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Media Consumption

Statistics on how Argentines use and consume culture, reflect the role played by traditional media in the information and entertainment habits of the Argentine population.

With regard to the equipment and infrastructure in Argentine households, Argentina’s National Institute of Statistics and Census (INDEC) reports that power supply penetration is almost universal (98.8%). By 2017, 64.3% of households had a computer. In addition, 75.9% of households also had some type of Internet connection[1]. The last National Survey on Access and Use of Information and Communication Technologies (ENTIC)[2], which was carried out in 2015, showed that 97.7% of all Argentine households had a TV, while 75.5% had a radio receiver.

In 2017 average Internet connection speed over fixed broadband was 12 Mbps, even though 21 out of the country’s 24 provinces registered lower speeds. The main Internet connection device is cable modem (48.5%), followed by ADSL (45.5%) and, to a considerable lesser extent, optical fiber (2.7%).

Data from Argentina’s National Communications Entity (ENACOM) show that in every 100 households, 70 have a fixed telephony line, 70 have a pay TV subscription and 61 have Internet access over fixed broadband. Private estimates, such as those made by consulting agency Business Bureau, indicate that pay TV penetration is close to 80%, given the fact that there are prepaid subscription systems and tapped or hacked connections. In addition, the number of mobile telephony lines is higher than Argentina’s population: 140 lines every 100 inhabitants. What’s more, every 100 households, 97 have a TV receiver and 76 have an AM/FM radio receiver[3].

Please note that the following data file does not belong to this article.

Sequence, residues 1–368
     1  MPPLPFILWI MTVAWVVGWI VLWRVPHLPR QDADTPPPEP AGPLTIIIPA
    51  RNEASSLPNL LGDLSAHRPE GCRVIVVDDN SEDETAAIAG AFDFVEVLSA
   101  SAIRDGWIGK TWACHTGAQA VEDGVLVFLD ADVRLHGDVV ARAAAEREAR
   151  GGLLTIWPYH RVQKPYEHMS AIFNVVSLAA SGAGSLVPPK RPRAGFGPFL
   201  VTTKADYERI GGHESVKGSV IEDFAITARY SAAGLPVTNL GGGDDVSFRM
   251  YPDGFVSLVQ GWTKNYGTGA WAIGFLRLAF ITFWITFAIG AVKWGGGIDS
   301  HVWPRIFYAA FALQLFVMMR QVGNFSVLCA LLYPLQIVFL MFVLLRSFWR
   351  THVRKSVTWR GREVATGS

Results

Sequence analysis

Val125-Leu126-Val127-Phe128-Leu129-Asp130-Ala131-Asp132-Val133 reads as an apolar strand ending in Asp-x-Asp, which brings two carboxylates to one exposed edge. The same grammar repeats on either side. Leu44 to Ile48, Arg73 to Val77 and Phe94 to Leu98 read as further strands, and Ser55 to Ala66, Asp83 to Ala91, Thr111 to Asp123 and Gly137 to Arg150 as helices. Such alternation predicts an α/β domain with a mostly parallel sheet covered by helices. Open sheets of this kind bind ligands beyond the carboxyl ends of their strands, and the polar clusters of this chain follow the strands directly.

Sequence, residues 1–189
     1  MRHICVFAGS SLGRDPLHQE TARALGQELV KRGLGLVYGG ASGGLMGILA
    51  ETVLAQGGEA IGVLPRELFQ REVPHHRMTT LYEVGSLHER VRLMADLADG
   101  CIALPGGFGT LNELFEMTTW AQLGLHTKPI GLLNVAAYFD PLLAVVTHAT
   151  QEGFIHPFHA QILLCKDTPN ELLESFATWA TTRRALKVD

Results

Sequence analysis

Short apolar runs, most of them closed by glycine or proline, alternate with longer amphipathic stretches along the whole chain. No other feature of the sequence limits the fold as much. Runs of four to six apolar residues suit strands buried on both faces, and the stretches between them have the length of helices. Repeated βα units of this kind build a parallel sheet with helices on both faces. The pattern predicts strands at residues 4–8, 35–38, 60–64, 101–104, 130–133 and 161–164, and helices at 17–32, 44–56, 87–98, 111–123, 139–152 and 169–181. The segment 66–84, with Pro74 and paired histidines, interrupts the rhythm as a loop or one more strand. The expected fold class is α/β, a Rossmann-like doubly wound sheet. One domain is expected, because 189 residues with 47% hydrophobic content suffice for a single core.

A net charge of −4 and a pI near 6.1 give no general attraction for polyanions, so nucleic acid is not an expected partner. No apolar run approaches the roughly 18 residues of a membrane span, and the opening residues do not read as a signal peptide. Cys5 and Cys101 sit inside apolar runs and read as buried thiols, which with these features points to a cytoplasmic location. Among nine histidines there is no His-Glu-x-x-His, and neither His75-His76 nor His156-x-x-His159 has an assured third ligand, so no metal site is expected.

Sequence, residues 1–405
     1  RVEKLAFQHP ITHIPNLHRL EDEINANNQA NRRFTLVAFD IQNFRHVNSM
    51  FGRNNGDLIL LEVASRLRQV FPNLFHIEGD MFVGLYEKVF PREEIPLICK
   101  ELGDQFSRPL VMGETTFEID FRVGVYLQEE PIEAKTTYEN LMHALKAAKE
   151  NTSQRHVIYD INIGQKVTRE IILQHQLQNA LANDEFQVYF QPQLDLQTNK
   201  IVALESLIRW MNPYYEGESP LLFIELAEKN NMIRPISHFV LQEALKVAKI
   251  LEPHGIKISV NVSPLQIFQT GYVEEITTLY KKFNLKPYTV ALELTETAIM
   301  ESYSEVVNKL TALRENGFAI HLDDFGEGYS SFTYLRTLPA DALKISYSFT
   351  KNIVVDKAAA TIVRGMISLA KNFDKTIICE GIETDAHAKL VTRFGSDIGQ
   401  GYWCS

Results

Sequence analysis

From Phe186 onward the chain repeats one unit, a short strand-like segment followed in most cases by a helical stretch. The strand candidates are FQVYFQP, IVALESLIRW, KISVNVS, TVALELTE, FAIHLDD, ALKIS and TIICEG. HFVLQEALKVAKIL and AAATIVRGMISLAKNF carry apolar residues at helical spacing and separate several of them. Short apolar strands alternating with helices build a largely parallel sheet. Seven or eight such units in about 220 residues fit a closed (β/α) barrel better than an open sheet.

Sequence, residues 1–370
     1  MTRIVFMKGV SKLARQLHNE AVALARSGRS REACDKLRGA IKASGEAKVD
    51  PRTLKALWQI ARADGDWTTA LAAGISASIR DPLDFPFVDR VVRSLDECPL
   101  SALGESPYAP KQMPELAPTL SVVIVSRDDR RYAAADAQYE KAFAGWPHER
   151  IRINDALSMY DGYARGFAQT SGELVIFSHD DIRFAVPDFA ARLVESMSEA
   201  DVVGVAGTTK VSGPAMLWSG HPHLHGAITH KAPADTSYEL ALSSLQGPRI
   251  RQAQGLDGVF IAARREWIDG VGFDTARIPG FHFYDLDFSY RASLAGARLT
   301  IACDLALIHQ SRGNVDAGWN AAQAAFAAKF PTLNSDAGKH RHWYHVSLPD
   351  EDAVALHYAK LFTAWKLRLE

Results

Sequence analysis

The National Survey on Cultural Consumption (ENCC)[4] is carried out by Argentina’s System of Cultural Information (SINCA) and provides information on Argentines’ media use based on their answers to the survey. According to the 2017 edition, radio has been one of the most affected traditional media, having lost 17% of its share in comparison to the results of the previous survey, in 2013. However, its penetration still is high (70%). The traditional radio receiver continues to be the most popular device (62%), followed by the car stereo receiver (24%) and the cell phone (22%).

TV continued to have a high penetration rate in Argentines’ cultural life in 2017, with a traditional TV reach of 95%. However, data suggest that the TV set also became the fastest growing means of Internet connection between 2013 and 2017, and smart TVs accounted for 54% of market penetration in 2017.

Like radio, printed media is one of the industries that is losing momentum. In 2013, 73% of those surveyed read newspapers; in 2017 this figure decreased to 57%. According to respondents, the main cause of the fall is a lack of interest. Like radio, the decline among young people is sharper than among elder adults.